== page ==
John Hawkes Horror Double Feature: Scary Movie (1991) and Night of the Scarecrow (1995)

Do you like scary movies? What about SCARY MOVIE? I’m not talking about the original script title for SCREAM, or the parody movie series named after the original script title for SCREAM, but the 1991 movie starring John Hawkes and taking place on Halloween night. It was shot on 16mm in Austin and when the American Genre Film Archive released a restored blu-ray and DVD in 2019 they said it had never been “legitimately distributed” until then. I did find a reference to it playing “limited runs in Europe and Asia,” but anyway, that’s why most of us never heard of it before.

Hawkes is from Minnesota, but as a young man he moved to Austin, where he was in a couple bands (including one with Rodney “Joey from ELM STREET 3 & 4” Eastman) and started appearing in locally filmed movies like FUTURE-KILL (the one with the unrelated H.R. Giger cover), D.O.A., and a thriller called MURDER RAP where he’s the star. He’s also the lead in SCARY MOVIE, playing a fraidy cat nerd named Warren who goes with his more outgoing buddy Brad (Jason R. Waller, Austin Stories) and Brad’s girlfriend Shelley (THE BALLAD OF THE SAD CAFE) to a haunted house attraction.

It’s a really different type of performance than I’ve ever seen from Hawkes, and therefore impressive. He wears a button up shirt tucked into pleated slacks and a catalog of fake half smiles that can’t cover up all the tics that represent his social anxiety. A stretch at the beginning is spent being extremely awkward while waiting in line for the haunted house, trying to act normal when his pals start making out right next to him, frequently looking at his beeping digital watch just to have something to do, flinching whenever there’s a loud noise from the house, horrendously failing to make conversation with and/or not look at the boobs of Shelley’s friend Barbara (Suzanne Aldrich), who they set him up with.

While going to the port-a-potty to take a piss (where he has another awkward encounter with horny people) he overhears some cops talking about an escaped mental patient. We also see the guy escape – he looks like the bass player from some up and coming band of the time.

So yes, it’s a HAUNT or HELL FEST type story of a real killer loose in a fake scary attraction… or IS HE? It plays with the idea that you don’t know what’s real, what’s for show, what’s paranoid delusion. The haunted house has a mascot who’s a grim reaper with weirdly giant teeth and now seems to be killing people for real.

I guess the title is some kind of ‘90s irony thing – when the logo comes up at the beginning there’s a bar code under it, as if this movie is just “SCARY MOVIE” in the same sense that the beer they drink in REPO MAN is just “BEER.” Especially in the beginning it feels more like a quirky (though not very funny) indie comedy than a serious horror movie. And it never gets convincingly creepy or gory. But it does take on a surreal and more serious tone as it gets further in, and has a pretty dark twist to it.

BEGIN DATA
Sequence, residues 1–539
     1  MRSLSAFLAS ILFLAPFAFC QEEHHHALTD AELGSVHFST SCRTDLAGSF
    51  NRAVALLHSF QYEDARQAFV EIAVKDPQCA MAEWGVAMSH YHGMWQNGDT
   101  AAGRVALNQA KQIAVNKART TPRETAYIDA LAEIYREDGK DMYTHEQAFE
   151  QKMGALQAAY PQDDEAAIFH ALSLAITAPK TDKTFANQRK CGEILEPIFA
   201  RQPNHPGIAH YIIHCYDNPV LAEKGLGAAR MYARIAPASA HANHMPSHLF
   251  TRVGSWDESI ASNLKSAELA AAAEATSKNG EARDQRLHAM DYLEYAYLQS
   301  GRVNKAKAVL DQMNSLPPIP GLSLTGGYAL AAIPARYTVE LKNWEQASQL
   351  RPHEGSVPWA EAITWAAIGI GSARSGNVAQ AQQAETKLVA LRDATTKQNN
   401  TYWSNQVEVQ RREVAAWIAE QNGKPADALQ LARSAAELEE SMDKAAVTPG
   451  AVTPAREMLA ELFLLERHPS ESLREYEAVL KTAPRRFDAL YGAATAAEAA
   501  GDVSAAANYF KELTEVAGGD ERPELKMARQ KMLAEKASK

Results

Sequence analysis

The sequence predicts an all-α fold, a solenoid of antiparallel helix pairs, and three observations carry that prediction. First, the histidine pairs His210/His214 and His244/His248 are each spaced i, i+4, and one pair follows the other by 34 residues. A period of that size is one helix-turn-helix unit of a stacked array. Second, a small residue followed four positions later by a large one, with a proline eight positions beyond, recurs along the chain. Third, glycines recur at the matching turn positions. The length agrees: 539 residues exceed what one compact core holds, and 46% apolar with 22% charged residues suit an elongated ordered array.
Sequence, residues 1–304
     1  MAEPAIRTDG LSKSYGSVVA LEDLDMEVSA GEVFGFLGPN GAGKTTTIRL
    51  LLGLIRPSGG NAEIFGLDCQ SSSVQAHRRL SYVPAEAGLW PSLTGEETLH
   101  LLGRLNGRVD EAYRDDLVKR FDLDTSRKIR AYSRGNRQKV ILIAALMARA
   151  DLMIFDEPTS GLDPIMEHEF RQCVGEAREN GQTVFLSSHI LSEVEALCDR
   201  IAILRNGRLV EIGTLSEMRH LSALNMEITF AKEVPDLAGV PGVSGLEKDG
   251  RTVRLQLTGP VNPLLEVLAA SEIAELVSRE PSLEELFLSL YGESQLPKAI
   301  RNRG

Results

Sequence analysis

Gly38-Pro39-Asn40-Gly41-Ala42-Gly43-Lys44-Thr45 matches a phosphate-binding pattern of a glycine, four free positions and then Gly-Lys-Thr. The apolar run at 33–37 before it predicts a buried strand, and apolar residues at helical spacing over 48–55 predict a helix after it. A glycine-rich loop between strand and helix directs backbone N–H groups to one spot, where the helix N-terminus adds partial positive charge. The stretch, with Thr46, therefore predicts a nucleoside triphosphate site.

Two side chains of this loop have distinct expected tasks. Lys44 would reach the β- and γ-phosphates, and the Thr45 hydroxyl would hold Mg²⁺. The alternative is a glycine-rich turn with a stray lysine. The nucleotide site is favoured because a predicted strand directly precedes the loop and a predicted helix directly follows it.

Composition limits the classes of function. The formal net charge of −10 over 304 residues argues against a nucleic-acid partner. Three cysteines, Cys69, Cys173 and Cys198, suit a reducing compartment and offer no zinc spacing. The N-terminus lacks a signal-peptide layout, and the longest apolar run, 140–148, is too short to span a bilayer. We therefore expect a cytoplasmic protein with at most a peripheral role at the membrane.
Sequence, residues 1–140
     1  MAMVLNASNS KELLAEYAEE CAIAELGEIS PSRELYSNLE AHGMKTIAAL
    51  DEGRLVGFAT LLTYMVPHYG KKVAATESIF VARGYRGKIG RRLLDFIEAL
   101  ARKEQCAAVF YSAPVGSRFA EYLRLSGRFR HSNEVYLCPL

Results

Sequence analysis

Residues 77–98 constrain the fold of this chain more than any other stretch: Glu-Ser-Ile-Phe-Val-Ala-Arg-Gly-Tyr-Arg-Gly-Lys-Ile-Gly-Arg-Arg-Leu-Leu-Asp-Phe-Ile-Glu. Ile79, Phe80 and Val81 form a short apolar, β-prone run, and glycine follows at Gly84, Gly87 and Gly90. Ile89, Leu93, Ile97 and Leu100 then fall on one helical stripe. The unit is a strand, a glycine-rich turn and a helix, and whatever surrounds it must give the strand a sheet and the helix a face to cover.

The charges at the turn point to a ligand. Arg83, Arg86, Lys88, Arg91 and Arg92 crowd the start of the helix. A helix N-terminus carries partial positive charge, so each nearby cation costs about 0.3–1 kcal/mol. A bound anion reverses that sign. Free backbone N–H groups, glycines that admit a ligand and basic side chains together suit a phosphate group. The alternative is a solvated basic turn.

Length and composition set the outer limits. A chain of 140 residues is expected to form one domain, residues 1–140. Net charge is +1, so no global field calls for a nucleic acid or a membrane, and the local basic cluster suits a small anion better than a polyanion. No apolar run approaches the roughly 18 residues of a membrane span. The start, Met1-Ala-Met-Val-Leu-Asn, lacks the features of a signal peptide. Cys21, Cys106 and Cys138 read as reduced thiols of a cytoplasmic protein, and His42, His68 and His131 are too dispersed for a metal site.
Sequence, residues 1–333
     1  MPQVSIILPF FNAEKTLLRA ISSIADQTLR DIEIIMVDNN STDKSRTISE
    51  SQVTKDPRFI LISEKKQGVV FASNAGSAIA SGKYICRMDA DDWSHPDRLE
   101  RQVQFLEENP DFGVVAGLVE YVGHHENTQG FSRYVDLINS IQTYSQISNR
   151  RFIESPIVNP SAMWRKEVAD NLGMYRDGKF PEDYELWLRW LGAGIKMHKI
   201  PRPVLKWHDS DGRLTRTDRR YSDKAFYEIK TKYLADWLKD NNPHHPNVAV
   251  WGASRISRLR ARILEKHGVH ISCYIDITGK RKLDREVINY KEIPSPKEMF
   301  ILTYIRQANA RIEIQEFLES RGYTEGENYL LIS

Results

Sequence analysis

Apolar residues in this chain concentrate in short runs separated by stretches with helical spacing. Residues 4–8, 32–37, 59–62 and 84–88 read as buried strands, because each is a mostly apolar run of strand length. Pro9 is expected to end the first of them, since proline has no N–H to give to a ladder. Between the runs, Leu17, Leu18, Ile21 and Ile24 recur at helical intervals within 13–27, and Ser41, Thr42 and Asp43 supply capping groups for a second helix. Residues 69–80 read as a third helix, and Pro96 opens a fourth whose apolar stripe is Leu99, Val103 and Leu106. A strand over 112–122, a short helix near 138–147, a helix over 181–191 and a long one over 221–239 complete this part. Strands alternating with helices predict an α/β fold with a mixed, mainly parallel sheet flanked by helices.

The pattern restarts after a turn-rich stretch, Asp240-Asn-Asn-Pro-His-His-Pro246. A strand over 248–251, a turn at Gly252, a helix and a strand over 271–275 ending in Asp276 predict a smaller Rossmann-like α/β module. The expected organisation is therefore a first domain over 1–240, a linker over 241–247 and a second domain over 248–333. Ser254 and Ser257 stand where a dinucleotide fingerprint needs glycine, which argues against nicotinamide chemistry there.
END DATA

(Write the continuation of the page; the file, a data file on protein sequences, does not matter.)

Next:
There’s definitely an appeal to the scrappy home made quality of it, especially since it’s set inside a scrappy home made haunted house attraction. I really like the shot at the beginning that seems to be the sun or moon with a tree branch in the foreground and as the camera moves we realize that the tree is real but the moon is part of a phony mural that someone is painting on the side of the house. Honestly some of my favorite stuff was at the beginning when you see the guys getting the haunted house ready and it feels pretty real.

The only name star (at the time) is Butch Patrick, whose character is named Eddie to remind you he played Eddie Munster, in case you’re not Rob Zombie and don’t know The Munsters that well. I’m the type who probly wouldn’t recognize a Munster without prompting, but who did spot Robert Jacks, who played Leatherface in TEXAS CHAINSAW MASSACRE: THE NEXT GENERATION, as one of the guys shown in the background alot. (He’s credited as Rowdy #1.)

The songs in the movie are by Roky Erickson and The Aliens, Paul Leary, Erik Moll, The Calvin Russell Band, Denny Freeman, and two by The Butthole Surfers. One of those songs, “Strangers Die Everyday,” was also in SLACKER, filmed in Austin just a little earlier. Along with the rock ’n roll is a good score that melts into some ambient dissonance that made me wonder if maybe TEXAS CHAIN SAW MASSACRE’s Wayne Bell was involved. Nope, it’s a guy named Hank Hehmsoth who did not score any other movies but now teaches composition and jazz piano at Texas State School of Music.

An article about the re-release on the school’s websight says he used an Akai S1000 sampler with a library of orchestral samples and also experimented with stuff like sliding a rubber ball up and down piano strings and using “Tibetan gongs to sound like random wind chimes, and lots of percussion toys.” Yeah, that’s that TEXAS CHAIN SAW shit I liked.


I think it’s great that SCARY MOVIE exists and has been resurrected, but honestly I didn’t love watching it. So I decided to watch another John Hawkes horror movie so I could make this review a twofer. NIGHT OF THE SCARECROW (not to be confused with DARK NIGHT OF THE SCARECROW) is from 1995, after Hawkes had added Alex Winter’s FREAKED (where he wears cow makeup), Steve Kloves’ FLESH AND BONE, Robert Rodriguez’s ROADRACERS, Ralph Bakshi’s COOL AND THE CRAZY and Frank Marshall’s CONGO to his resume. It’s a low budget one, but a much higher low budget than SCARY MOVIE, and it was actually released (straight to video).

This time Hawkes does not play a geek, but a drunken hick dirtbag who starts fights all the time and is never held accountable for his bullshit because his old man is friends with the mayor. His character Danny Thompson is not the main character, but he’s central in that it’s his fault that there even is a night of the scarecrow. After he gets fired from his construction job he gets drunk with his friend, drives a tractor through a cornfield and accidentally cracks open a magic stone used to contain a dangerous warlock. Whoops! It’s right at the base of a scarecrow, so the warlock possesses it and goes on a rampage looking for his book of satanic spells.

The story begins with the mayor (Gary Lockwood, 2001: A SPACE ODYSSEY) making a speech in the town square about the exciting new shopping mall development that is going to march this little farming town into a bold new future. Two of the people in the crowd are new-to-the-town construction foreman Dillon (John Mese, EXCESSIVE FORCE II: FORCE ON FORCE) and newly-returned-to-the-town Claire (Elizabeth Barondes, BLACK DAWN, SECOND IN COMMAND, BAD ASS 2: BAD ASSES), who spot each other from a distance and make very obvious sex looks at each other, then strike up a conversation. As soon as Dillon starts trash talking the mayor we realize Claire is his daughter. But she kinda hates her dad too so she invites Dillon to come over to his house for dinner.